6 May 2015

Watchdog criticises Whānau Ora

9:50 am on 6 May 2015

The way in which Whānau Ora has been run in its first four years has come in for heavy criticism from the public spending watchdog, and officials at Te Puni Kōkiri - the Ministry of Māori Development - are getting most of the blame.

Auditor-General Lyn Provost.

Auditor-General Lyn Provost. Photo: OFFICE OF AUDITOR-GENERAL

Critics of the kaupapa Māori welfare initiative, from politicians to providers, have long held the view that the ministry was not a good manager of the programme.

After leaving Parliament, even the politician who implemented the policy, Tariana Turia, took aim at the administrator, saying the project was poorly handled and there was substantial underspending.

Some of those niggling doubts have been backed up in a comprehensive assessment by the Auditor-General.

Firstly, the office complained that it could not get a consistent explanation of the aims of the initiatives in Whānau Ora from government agencies or other people its spoke to.

"So far, the situation has been unclear and confusing to many of the public entities and whānau," its report said.

The report was critical of how Te Puni Kōkiri controlled the purse strings.

"During the first four years, total spending on Whānau Ora was $137.6 million. Delays in spending meant that some of the funds originally intended for whānau and providers did not reach them.

"Nearly a third of the total spending was on administration."

Auditor General Lyn Provost said: "In my view, Te Puni Kōkiri could have spent a greater proportion of funds on those people - whānau and providers - who Whānau Ora was meant to help".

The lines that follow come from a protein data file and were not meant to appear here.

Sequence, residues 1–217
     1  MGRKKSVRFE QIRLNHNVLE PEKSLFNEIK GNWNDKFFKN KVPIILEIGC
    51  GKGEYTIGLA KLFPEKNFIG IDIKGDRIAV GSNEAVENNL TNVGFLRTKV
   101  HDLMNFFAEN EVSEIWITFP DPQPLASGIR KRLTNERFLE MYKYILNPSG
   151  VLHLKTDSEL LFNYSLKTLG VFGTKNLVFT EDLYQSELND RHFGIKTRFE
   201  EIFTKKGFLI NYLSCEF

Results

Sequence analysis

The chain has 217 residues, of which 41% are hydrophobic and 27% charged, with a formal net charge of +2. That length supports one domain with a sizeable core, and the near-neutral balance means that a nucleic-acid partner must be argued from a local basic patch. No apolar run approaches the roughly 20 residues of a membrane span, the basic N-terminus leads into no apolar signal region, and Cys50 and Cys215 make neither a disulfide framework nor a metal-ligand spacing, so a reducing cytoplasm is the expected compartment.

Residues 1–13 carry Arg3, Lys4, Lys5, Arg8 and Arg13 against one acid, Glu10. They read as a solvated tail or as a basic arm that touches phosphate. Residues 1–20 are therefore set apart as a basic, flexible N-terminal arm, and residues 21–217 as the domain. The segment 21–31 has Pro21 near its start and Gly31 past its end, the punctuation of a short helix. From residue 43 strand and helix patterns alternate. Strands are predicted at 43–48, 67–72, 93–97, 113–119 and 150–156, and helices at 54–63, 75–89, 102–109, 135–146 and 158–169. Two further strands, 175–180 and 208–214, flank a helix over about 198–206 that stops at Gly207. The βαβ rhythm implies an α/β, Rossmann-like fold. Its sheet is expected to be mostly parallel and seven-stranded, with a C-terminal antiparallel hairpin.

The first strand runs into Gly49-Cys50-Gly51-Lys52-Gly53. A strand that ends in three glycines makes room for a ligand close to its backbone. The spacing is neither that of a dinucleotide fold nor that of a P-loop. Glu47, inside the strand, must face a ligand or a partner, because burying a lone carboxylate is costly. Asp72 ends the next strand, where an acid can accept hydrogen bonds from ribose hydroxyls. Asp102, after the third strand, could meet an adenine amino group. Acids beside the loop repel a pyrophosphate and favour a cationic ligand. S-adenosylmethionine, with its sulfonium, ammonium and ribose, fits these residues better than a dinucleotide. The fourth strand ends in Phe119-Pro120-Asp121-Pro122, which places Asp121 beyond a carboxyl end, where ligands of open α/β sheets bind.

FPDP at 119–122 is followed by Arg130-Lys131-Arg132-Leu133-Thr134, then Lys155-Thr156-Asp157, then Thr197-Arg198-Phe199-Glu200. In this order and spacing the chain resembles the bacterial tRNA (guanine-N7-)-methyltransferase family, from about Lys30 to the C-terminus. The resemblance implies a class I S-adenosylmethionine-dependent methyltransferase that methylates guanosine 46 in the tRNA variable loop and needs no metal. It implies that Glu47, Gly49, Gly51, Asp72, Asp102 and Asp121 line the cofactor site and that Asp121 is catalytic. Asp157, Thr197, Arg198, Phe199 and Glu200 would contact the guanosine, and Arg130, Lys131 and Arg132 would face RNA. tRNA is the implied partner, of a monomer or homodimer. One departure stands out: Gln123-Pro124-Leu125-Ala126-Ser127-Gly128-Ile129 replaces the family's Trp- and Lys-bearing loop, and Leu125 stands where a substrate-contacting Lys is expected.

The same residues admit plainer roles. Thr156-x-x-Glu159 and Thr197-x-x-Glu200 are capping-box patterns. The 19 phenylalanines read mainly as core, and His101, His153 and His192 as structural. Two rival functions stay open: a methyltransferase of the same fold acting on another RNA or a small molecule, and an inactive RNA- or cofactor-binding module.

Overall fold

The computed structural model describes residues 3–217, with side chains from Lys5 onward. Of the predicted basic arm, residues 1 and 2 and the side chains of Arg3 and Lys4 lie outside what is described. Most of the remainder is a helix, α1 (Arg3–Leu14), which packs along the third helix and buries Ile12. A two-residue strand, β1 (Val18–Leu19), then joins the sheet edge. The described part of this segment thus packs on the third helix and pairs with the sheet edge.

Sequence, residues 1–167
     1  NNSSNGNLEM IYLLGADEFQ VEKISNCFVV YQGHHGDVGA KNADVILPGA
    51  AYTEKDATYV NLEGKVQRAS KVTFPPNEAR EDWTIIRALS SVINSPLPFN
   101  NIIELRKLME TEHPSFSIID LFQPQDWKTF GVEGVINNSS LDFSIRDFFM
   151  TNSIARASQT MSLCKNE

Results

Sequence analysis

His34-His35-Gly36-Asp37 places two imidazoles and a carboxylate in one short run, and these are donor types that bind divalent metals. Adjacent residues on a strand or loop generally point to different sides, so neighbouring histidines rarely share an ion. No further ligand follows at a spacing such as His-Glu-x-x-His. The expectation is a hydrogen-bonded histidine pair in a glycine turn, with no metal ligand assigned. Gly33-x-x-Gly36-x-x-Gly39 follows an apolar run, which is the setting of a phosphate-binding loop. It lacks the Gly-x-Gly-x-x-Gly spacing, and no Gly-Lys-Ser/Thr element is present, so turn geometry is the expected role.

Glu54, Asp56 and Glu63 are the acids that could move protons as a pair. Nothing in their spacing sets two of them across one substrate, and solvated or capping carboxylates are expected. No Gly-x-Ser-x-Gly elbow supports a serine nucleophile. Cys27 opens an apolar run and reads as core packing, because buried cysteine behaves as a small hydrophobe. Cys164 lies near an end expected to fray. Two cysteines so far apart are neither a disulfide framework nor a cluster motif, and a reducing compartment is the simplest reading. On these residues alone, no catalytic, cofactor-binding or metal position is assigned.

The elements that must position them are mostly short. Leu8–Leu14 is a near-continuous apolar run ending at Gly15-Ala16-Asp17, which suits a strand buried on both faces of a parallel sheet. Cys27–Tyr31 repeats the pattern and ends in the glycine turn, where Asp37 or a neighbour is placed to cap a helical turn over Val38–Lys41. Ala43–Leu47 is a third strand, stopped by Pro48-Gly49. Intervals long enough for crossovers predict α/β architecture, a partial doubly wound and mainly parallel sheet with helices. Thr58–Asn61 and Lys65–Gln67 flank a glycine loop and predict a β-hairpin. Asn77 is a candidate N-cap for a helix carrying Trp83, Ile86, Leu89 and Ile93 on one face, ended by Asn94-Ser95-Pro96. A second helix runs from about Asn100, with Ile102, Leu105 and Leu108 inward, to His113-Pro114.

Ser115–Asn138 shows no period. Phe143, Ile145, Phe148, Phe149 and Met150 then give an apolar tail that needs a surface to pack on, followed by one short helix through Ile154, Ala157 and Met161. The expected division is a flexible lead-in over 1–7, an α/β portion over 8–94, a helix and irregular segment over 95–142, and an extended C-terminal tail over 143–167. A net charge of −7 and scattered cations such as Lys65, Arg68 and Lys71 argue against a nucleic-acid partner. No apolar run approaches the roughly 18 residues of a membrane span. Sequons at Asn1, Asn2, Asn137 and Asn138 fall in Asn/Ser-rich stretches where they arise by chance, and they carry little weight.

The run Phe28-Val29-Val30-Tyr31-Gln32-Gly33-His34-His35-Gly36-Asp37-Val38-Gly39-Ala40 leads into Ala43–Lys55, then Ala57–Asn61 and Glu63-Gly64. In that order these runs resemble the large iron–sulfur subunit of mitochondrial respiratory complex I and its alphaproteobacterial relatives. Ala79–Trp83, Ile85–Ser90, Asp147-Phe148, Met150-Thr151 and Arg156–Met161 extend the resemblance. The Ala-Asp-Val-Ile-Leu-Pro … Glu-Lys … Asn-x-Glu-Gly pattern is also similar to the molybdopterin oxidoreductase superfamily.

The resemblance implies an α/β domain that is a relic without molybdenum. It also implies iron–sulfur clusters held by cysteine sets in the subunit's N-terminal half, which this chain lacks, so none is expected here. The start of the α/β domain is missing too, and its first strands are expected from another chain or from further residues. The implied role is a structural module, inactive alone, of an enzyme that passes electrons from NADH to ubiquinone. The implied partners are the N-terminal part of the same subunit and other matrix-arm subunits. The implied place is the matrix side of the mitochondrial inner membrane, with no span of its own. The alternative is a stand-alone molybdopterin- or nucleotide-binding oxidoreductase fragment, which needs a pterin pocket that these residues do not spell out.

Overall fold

Founding Whanau Ora Minister Tariana Turia, left, with members of its governance group.

Founding Whanau Ora Minister Tariana Turia, left, with members of its governance group. Photo: RNZ

Policy should stay

The watchdog said Whānau Ora had been a success for many families.

"For example, some whānau are working towards getting their young people living and working on their ancestral land. The government spending to achieve this has been small, but the importance for the whānau is significant."

She seemed to be aware that the initiative had been under a bright spotlight since its launch, attracting pointed criticism from New Zealand First leader Winston Peters.

Ms Provost said, "I have no doubt that some commentators will make light of the successes described in this report and make much of the criticisms.

"However, an innovative idea should not be abandoned just because of implementation problems. I earnestly hope that those involved with the next phase of Whānau Ora are able to take my criticisms on board and learn from them".

Admin shifted to agencies

While Te Puni Kōkiri is still the lead department for Whānau Ora, new commissioning agencies are now up and running, issuing contracts to providers and handling the finances.

There are two Māori providers, one for the North Island and one for the South Island, and a separate one for Pasifika.

"The report confirms what we've always known, Māori are best placed to support whānau, not Crown agencies," the North Island Commissioning Agency Te Pou Matakana said in a statement.

Agency's chair Merepeka Raukawa-Tait said her organisation was outperforming Te Puni Kōkiri.

"As at 31 March 2015, (after 9 months from establishment) nearly 1600 North Island whānau had received support. This compares to 2600 whānau that were supported by TPK's WIIE fund over three years".

What is Whānau Ora?

The Auditor-General's report said it "could not get a consistent explanation of the aims of the initiatives in Whānau Ora from government agencies" Just how much the general public understands the policy could be a contributing factor behind the persistent examination of the programme.

Te Puni Kōkiri describes the initiative as "an inclusive, culturally-anchored approach to provide services and opportunities to whānau and families across New Zealand.

Goals include whānau becoming self-managing; living healthy lifestyles; participating fully in society; confidently participating in Te Ao Māori; economically secure and successfully involved in wealth creation; and cohesive, resilient and nurturing.

It empowers whānau and families as a whole, rather than separately focusing on individual family members and their problems."

Source: Whānau Ora Factsheet